The PURE Leadership of Jesus Christ
By Brenda G. Palmer
Presented to: Dr. Shirley Freed
EDRM605 Qualitative Research Methods
August 13, 2001
TABLE OF CONTENTS
Research Problem and Questions 4
Literature Review 6
Leadership Traits and Models 6
Current Leadership Research 9
Jesus and Spiritual Leadership Research 11
Writings on Jesus and Leadership 12
Leadership Characteristics, Traits, and Qualities 14
Leadership Styles 29
Future Research 51
TABLE OF CONTENTS
(For Tabbed Sections)
Analysis by Theme
Analysis by Religion
Analysis by Age Group
Analysis by Gender
Interviews by Leadership Trait
Interviews by Leadership Style
Interviews by Other
Field Notes & Observations
The purpose of this study was to examine the leadership of Jesus Christ, as understood by the average Christian, through interviews, drawings, and songs. The leadership traits and styles identified by the participants are compared with current leadership theories. The findings uncover several unique leadership qualities, which distinguish Jesus from all other leaders, and indicate that His leadership style cannot be totally explained within the framework of one particular leadership model. Accordingly, a new model, PURE Leadership, describing Jesus’ distinctive leadership style is proposed. Spiritual development implications are discussed.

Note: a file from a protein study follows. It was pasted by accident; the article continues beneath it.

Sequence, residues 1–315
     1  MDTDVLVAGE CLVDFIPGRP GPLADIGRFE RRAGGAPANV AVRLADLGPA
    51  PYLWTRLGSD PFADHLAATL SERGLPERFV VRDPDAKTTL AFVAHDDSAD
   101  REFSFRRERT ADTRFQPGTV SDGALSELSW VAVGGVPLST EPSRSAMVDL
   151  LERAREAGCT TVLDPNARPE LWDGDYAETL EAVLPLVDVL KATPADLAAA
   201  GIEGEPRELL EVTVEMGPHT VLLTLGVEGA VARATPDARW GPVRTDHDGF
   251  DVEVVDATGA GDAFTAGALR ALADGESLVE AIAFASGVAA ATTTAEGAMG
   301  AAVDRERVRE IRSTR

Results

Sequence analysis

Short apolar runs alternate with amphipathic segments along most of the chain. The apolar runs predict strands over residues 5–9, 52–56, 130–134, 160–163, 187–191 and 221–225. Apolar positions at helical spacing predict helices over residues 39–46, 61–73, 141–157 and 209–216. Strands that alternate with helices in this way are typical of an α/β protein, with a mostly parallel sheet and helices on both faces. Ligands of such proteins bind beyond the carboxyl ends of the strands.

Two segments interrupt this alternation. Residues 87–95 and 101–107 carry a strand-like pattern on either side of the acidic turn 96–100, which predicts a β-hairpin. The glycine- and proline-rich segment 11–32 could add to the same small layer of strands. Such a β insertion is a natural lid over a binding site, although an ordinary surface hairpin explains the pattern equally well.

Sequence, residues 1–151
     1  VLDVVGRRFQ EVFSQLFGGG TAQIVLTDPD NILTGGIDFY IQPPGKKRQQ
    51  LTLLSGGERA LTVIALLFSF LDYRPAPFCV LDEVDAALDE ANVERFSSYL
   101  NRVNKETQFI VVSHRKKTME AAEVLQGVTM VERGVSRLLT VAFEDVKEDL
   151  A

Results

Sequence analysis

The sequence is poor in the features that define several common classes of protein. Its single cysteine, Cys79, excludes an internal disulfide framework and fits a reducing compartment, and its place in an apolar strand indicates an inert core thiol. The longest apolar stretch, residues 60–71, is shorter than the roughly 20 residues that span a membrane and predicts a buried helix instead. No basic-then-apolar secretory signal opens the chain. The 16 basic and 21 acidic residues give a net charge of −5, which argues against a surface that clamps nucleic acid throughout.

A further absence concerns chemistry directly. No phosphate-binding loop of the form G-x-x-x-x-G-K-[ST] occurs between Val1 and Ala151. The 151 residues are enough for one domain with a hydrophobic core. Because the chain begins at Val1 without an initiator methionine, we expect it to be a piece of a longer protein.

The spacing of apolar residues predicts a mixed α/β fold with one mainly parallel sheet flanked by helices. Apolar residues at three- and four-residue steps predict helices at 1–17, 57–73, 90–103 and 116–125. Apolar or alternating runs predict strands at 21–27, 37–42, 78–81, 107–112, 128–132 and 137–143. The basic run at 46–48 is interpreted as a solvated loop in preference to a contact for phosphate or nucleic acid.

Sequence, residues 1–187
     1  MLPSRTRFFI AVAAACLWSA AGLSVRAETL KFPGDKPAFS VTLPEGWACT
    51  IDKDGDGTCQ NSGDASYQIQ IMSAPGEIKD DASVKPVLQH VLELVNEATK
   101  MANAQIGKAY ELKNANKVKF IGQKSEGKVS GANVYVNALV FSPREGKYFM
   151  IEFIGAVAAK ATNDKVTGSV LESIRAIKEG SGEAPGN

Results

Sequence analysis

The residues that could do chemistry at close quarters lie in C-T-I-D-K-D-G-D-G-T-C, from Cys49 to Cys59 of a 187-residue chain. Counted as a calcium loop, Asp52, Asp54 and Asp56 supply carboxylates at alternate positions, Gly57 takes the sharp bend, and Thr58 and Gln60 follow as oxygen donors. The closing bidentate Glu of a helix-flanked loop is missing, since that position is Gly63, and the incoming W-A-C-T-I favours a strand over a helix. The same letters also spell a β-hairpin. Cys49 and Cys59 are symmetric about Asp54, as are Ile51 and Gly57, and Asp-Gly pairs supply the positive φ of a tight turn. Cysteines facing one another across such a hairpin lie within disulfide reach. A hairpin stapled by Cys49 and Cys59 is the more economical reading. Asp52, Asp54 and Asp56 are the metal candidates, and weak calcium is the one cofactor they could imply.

RESEARCH PROBLEM AND QUESTIONS
There has been an enormous amount of literature written about the leadership of Jesus Christ. Log on to Amazon.com or BarnesandNoble.com and you can locate nearly 50 books, or conduct a search on the Word Wide Web using the words “Jesus and leader” and you will find over 250,000 hits. Clearly, information is not wanting, so what could I possibly hope to add to this topic? Permit me to answer this question with two additional questions. Although these books, articles, writings, and websites explain the authors’ views about Jesus’ leadership, do they represent the average Christian’s personal understanding, as well? Although the authors offer numerous leadership theories to expound Jesus’ style, are they the same ones that a typical Christian would choose? Finding the answers to these questions is why I feel compelled to add to the mammoth amount of writings currently gathering dust on the bookshelves and floating around in cyberspace.